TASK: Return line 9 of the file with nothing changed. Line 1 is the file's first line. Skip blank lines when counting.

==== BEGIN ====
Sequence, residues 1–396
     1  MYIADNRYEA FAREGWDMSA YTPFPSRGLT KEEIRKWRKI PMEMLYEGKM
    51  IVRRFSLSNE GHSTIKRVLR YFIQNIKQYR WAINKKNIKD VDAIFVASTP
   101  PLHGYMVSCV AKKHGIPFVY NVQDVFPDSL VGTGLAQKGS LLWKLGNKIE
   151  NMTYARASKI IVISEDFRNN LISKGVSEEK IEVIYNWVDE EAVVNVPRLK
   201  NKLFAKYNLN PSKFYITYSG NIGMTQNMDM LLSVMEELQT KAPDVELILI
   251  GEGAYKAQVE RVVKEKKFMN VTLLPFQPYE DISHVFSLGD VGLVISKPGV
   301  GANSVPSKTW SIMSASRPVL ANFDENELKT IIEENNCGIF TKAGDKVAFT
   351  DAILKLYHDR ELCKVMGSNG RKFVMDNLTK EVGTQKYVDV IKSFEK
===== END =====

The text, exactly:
   351  DAILKLYHDR ELCKVMGSNG RKFVMDNLTK EVGTQKYVDV IKSFEK